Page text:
In Cialdini's book Influence, he talks about a cookie experiment that illustrates the rarity effect. Some participants were given a jar with 10 cookies in it. Other participants were given a jar with two cookies in it. Then the participants were asked to rate the value of the cookies in the jars. What was the result? The participants who were given fewer cookies rated the cookies higher.
Competition is a huge amplifier of the rarity effect. The scarcer the resource, the more people want it ... and the more they're willing to do to get it. You can use rarity to foster a little good-natured competition in your workplace, too. Try opening just a handful of spots in a training session, and those seats will likely fill fast. Issue limited invitations to an executive lunch, and those lunches will hold much more value to your employees, and you'll get the benefit of showing off your expert team.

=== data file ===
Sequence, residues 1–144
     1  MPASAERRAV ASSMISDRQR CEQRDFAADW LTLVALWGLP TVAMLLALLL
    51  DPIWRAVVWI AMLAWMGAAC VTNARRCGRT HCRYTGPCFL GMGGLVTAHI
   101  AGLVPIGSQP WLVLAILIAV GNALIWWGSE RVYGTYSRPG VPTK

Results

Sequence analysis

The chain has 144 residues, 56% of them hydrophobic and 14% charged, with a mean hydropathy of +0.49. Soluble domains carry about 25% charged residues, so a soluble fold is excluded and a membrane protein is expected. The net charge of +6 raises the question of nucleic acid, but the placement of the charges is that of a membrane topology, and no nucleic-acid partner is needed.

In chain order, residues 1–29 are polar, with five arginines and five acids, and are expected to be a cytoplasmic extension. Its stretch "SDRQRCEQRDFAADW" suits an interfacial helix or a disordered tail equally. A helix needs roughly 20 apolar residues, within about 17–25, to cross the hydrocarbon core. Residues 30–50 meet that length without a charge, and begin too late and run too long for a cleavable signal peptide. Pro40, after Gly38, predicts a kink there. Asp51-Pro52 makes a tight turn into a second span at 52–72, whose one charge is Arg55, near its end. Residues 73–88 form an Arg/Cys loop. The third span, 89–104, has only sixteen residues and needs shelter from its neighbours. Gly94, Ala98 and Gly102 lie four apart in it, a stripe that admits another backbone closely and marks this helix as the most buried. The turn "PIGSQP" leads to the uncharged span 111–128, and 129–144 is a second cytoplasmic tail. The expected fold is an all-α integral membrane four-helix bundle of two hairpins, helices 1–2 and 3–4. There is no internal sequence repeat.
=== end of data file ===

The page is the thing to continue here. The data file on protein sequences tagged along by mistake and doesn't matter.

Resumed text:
Although you may think exclusivity is the same as rarity, it has a slightly different flavor. Just like rarity, though, you can use it to create scarcity. Exclusivity is the reason hot night clubs have block-long lines outside. It's why airlines can charge exorbitant prices for first-class seats. It's why people line up an hour before Dominique Ansel's bakery opens in New York just to get their hands on a simple pastry.
The more exclusive something is thought to be, the more people want it and the more businesses can charge for it. In this way, exclusivity can be either the by-product of limited resources or purposefully manufactured.